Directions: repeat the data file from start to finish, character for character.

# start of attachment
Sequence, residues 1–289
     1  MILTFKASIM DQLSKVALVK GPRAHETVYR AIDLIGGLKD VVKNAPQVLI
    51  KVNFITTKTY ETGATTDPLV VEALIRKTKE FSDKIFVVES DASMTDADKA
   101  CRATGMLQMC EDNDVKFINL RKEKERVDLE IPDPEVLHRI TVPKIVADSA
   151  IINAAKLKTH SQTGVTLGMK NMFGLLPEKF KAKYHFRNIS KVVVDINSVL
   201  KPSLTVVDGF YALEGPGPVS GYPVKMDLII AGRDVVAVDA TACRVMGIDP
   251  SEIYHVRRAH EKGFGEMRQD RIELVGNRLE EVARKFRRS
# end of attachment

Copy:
Sequence, residues 1–289
     1  MILTFKASIM DQLSKVALVK GPRAHETVYR AIDLIGGLKD VVKNAPQVLI
    51  KVNFITTKTY ETGATTDPLV VEALIRKTKE FSDKIFVVES DASMTDADKA
   101  CRATGMLQMC EDNDVKFINL RKEKERVDLE IPDPEVLHRI TVPKIVADSA
   151  IINAAKLKTH SQTGVTLGMK NMFGLLPEKF KAKYHFRNIS KVVVDINSVL
   201  KPSLTVVDGF YALEGPGPVS GYPVKMDLII AGRDVVAVDA TACRVMGIDP
   251  SEIYHVRRAH EKGFGEMRQD RIELVGNRLE EVARKFRRS